The World After the Flood

            Upon leaving the ark, Noah offered a sacrifice to God. Noah gave to God one of every clean animal and bird. Remember that on entering the ark, Noah brought in seven of every clean animal and bird. Therefore, the odd animal was used in the sacrifice. God finds Noah's sacrifice acceptable and promises to never curse the earth again nor destroy life on the earth, no matter how evil mankind becomes. God had cursed the earth when Adam and Eve sinned, bringing forth weeds and thorns (Genesis 3:17). He also cursed the earth with the flood waters, destroying every living thing on the earth (Genesis 6:13).

            While the earth remains, the seasons would continue to cycle. This is the first mention of seasons in the Bible. Some speculate that alterations to the earth in the flood brought on the seasons, but there is no way to prove such a point. Notice that the condition on God's promise is "while the earth remains." God is not promising that the earth will remain forever. He is saying that the seasons will not be interrupted as they were during the flood while the earth remains in existence. We know that one day, this world will be destroyed for God has promised its destruction (II Peter 3:10).

            With life destroyed from the earth, God once again renews his blessing to replenish the earth with life (Genesis 9:1-4). This blessing is similar to the one given in Genesis 1:28, but the statement that man was to have dominion over the earth is omitted. Instead, God has given animals an instinctive fear of man. This corresponds with God's change in man's source of food. Up until this time, men were vegetarians (Genesis 1:29). Now, men are permitted to eat meat, but their meat would not docilely wait to be killed. God places one restriction on the eating of meat, man is not permitted to eat the blood of an animal because it contains the life of the creature. This universal law continues today (Acts 15:29).

            God also adds laws dealing with murder at this time (Genesis 9:5-7). Murder is to be punished by death. It does not matter if the killing was done by an animal or man. Some people object to this punishment. They wonder how killing someone could be a punishment for killing someone. They miss the point that God is not authorizing personal vengeance. The punishment of a murderer by death is carrying out a just punishment for a crime that was committed. In the Old Law, which came much later in history, there is a commandment, "You shall not murder." However, even this commandment is punished by death when it was broken. In fact, breaking any of the ten commandments carried a death penalty (Hebrews 10:28). In the New Testament we are told that governments have the right from God to bear swords (Romans 13:4, Acts 25:11, Matthew 26:52). The right to bear implies a right to use the sword. Therefore, governments have the right to enforce their laws even to the point of imposing a death penalty.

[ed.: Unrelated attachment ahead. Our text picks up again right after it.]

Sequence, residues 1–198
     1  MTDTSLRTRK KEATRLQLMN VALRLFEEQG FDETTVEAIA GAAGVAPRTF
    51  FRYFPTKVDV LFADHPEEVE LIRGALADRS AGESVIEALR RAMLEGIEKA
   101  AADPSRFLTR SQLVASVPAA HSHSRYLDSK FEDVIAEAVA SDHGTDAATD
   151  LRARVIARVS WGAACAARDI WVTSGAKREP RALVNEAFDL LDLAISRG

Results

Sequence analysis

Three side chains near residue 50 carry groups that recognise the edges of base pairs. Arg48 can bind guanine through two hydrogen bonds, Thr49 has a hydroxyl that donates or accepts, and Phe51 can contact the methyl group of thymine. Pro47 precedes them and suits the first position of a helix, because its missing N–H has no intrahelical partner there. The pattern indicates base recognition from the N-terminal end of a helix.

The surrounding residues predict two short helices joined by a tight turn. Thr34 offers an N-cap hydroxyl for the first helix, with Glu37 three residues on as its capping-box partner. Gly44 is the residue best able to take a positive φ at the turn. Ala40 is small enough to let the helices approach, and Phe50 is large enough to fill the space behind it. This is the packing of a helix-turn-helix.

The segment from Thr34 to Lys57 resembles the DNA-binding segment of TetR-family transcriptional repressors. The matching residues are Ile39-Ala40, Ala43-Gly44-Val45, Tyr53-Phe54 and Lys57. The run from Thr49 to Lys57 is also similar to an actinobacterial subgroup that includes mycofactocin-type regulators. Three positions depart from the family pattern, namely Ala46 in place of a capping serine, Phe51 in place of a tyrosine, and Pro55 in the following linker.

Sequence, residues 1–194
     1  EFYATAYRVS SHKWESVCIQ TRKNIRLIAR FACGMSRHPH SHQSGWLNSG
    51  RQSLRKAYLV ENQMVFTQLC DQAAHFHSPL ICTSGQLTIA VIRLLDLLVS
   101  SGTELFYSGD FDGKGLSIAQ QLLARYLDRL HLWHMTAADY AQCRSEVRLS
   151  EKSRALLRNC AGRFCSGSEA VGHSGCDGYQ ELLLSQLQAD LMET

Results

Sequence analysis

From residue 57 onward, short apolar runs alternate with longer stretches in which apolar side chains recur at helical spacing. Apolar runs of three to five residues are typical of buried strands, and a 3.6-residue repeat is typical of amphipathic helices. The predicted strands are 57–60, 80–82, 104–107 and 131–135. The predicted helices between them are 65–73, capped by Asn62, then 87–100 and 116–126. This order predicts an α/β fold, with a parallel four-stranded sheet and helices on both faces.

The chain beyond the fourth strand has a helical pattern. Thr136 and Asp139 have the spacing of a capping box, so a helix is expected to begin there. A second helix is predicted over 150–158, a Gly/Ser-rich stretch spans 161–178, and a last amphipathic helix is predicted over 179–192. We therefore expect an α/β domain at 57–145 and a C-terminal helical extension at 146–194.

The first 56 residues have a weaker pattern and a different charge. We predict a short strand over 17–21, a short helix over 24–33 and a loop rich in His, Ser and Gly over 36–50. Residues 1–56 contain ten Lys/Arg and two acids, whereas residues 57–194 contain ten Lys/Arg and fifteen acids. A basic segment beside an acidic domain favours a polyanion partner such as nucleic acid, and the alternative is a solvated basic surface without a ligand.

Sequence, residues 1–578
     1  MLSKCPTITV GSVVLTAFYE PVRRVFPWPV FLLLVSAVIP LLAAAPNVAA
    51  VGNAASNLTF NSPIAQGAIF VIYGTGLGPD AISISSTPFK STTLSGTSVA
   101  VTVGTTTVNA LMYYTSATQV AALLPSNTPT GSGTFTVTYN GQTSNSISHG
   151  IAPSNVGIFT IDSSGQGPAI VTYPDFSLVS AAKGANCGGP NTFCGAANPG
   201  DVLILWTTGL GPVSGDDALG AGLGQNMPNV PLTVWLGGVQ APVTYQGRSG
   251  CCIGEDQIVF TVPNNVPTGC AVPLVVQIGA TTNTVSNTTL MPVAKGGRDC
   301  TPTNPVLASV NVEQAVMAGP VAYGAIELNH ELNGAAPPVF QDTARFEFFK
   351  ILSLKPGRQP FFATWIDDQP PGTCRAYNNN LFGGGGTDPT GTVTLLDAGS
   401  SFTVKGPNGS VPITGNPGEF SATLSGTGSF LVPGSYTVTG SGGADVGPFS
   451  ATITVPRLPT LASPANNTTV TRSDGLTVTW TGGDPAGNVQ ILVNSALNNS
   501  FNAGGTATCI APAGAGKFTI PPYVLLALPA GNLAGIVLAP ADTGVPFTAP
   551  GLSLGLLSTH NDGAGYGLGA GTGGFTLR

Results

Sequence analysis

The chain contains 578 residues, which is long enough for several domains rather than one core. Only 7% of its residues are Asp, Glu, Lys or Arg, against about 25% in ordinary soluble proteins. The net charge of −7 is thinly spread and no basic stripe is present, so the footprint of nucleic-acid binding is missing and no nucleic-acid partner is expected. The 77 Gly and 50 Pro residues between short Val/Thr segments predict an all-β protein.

While death is a just punishment for the violation of some laws, it is permissible to give exceptions when conditions are met. For example, King David was guilty of adultery and murder, both punishable by death, but because of his repentance God forgave him of his sins (II Samuel 11 and 12). The woman taken in the act of adultery and brought to Jesus had committed an act punishable by death, but the lack of accusers (the Old Law required at least two witnesses) and the implied repentance of the woman allowed Jesus to send her way forgiven (John 8:3-11).

            God then entered a covenant with all living creatures. A covenant is an agreement between two parties. In ancient times there were two basic covenants. One was made between two equal parties. In these covenants both parties would give up certain rights and gain benefits by the agreement. The other type is between two unequal parties, such as between a ruler and his subjects. This covenant is an example of the latter. Nothing is given up by mankind or the animals. Only God gives up his right to destroy his creation by another flood. In this covenant, mankind and the animals benefit from God's protection, but God does not gain any direct benefit from his promise. All covenants are sealed by some visible token. Today we exchange papers with our signatures. In the ancient days they would stack stones to form a monument or offer sacrifices of animals or both. God seals his pledge by giving the world a rainbow. Prior to this, rainbows did not exist. Since rainbows are formed by light shining through raindrops, this is another hint that it did not rain before the flood, instead the ground was watered by morning mists.